Author: Yana Israelyan, journalist, based in Tbilisi, Georgia. Write about Information Technologies, Social Media, Citizen Journalistics
The Head of the Union of IT Enterprises of Armenia (UITE) Karen Vardanyan and Executive Chairman Hayk Chobanyan shared their plans with Digital.Report and reported how the Armenian IT sector is going to compete with such leading players of high-tech industry as Israel and India, and how Armenian IT specialists may surprise the world community.
After being declared as a priority in the national economy by the Armenian government in 2000, the sphere of information technologies began to grow year after year. Today IT share is about 4% of the GDP of the country. The annual growth in this sector is 20-25%. Last year the turnover amounted to about $ 400 million and by 2018 the leaders of the IT sector plan to increase it up to $ 1 billion. Today there are more than 450 IT companies in the Republic which employ about 15 000 experts. According to Armenian experts’ estimations, IT-sphere is one of the most highly paid spheres in Armenia. During 2015 salaries in this industry were increased by 11% and programmers vacancies were the leading ones on job hunting web-sites.
In 2000 six Armenian companies operating in the Information Technology sector created the Union of IT Enterprises (Union of Information Technology Enterprises). Today UITE integrates about 70 organizations covering 70% of the market and is considered to be the largest association in the Armenian IT sector.
DR: What are the main problems of the Armenian IT sector today?
Hayk Chobanyan: The biggest problem is staff members. It is not only in Armenia, it is a worldwide problem. There are about three million IT vacancies in the world. Universities are unable to provide so many experts – HEIs train 500 000 specialists per year around the world. Therefore, education should be changed. The first thing we did is reduction of IT training to 10 years. We launched the program of engineering labs implementation in schools. Students learn the fundamentals of programming, 3D-modeling, electronics and mechanics there. These engineering centers have already been established in 80 schools. This year we plan to equip another 100 schools. Our goal is its own laboratory for each school.
You said there was strong engineering education in Armenia. What happened to it?
K.V.: Armenian engineering industry failed as a result of collapse in the early 90s - the electricity was turned off, the enterprises were robbed, equipment was exported to Iran as scrap metal. Moreover, Armenia was one of the most technologically advanced republics in the Soviet Union. We developed major military electronics. We had to reconstruct everything from scratch. In 2000 the government introduced a law on IT privatization. Then we had 30 enterprises – now we have 500. Then they employed about 1,500 people, now they employ 15 thousand, i.e. ten times more.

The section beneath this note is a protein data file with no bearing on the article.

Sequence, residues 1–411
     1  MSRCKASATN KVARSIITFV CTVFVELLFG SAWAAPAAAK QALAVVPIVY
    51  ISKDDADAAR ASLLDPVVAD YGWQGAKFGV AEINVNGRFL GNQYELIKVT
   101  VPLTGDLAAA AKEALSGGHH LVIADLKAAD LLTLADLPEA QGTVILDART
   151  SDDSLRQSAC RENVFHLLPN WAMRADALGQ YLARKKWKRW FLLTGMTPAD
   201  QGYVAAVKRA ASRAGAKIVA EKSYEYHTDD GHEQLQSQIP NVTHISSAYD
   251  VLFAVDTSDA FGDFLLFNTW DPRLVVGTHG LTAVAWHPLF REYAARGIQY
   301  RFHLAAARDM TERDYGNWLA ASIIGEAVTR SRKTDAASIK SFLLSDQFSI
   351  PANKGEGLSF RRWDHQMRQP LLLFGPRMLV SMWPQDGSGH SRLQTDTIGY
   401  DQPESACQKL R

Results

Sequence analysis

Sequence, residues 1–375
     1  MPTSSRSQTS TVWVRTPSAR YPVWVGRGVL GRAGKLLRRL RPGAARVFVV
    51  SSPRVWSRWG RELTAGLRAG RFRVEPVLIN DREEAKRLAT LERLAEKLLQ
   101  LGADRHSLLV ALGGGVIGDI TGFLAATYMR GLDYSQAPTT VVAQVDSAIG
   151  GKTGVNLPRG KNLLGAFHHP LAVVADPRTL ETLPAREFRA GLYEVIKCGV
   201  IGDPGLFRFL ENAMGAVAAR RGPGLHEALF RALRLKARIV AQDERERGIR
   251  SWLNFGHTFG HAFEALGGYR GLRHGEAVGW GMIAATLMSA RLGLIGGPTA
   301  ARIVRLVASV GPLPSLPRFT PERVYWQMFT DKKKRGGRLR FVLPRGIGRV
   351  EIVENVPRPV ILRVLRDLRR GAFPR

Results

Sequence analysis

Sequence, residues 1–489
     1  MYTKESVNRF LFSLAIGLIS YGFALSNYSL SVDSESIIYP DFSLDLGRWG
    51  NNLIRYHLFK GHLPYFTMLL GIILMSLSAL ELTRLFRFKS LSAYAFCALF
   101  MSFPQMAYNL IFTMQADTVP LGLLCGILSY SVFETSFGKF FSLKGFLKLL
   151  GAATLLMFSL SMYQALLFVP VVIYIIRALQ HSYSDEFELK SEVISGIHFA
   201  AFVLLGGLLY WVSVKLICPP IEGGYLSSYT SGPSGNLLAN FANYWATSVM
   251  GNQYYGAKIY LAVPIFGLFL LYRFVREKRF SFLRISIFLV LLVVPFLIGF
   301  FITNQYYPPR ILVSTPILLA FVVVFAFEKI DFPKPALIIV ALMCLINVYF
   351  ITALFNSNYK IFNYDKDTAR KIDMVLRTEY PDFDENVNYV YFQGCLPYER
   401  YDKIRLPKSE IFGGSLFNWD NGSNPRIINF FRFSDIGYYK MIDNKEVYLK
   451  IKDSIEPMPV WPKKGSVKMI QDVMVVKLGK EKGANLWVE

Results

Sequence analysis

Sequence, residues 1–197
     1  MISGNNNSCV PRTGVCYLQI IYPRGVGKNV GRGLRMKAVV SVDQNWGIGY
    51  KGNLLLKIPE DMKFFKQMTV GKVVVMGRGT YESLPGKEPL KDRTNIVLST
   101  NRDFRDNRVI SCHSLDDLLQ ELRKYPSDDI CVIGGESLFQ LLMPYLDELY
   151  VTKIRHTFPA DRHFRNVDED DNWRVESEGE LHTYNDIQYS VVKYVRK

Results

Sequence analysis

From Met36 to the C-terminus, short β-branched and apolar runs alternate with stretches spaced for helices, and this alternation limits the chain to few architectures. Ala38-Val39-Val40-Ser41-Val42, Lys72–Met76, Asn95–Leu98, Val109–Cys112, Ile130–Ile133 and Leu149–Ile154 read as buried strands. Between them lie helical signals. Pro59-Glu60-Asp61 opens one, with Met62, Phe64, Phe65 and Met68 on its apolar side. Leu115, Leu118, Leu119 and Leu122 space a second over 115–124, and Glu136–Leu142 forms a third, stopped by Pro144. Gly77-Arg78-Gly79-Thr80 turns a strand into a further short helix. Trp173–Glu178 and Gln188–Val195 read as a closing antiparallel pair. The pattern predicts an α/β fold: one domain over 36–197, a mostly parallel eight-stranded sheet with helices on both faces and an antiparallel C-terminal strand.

H.C.: IT sector is changing and this change is taking place in a quite noticeable way. This is evidenced by the fact that the sector is growing annually by 20-25%. The government, industry leaders, and community - they all say this is a great result, but we are not happy. Because we know, that the potential is much bigger. We plan to triple the industry’s turnover within four years; it is $ 1.5 billion turnover plus taxes and new jobs not only in the IT sector, but also in other industries. It is believed that the ratio of the professions is the following: for one engineering job there are at least five jobs in other industries. In the US this figure is higher - 1:10; in Europe - 1: 7. We use 1:5. At the first sight this is an ambitious plan, but it is realistic.
What is the state participation in the development of the IT sector? Is Armenian legislation friendly to this sector?
H.C.: Our goals are quite ambitious, but we cannot reach them without help of the state. Since the beginning of 2015 a Law on benefits for start-ups came into force - they are exempted from VAT and income tax and pay 10% of personal income tax instead of 28%. This led to the fact that more than 100 IT companies were created (in 2014 - 40) last year - which proves that mechanisms of encouraging are working.
K.V.: Sure, the latest government is open to IT. It helps us to finance the project of engineering labs in schools (it pays salaries to the executives), it funds our membership dues to the World Alliance of Information Technologies.
Is not there a danger that by assisting the state's role will prevail in decision-making of the private sector?
K.V.: In the IT sector it is not possible because it cannot get closer to enterprises - to manage or at least to manipulate, it is necessary to know what is happening there. There are no attempts, and cannot be - we have the Internet, you can go to work, for example, to Dubai. There are no such problems even in a country like Belarus. There's the other situation there - the authoritarian government is present in all other areas, but it helps to develop the IT sector. Belarusians have a couple of companies that cost about a billion dollars. Our most expensive company is PicsArt ($ 250 million). Per population unit they have 30% more programmers (they have 45 - we have 15) than we have. They have been growing with support of the state for a few years, increasing volumes by 100% annually, and now they have excellent results.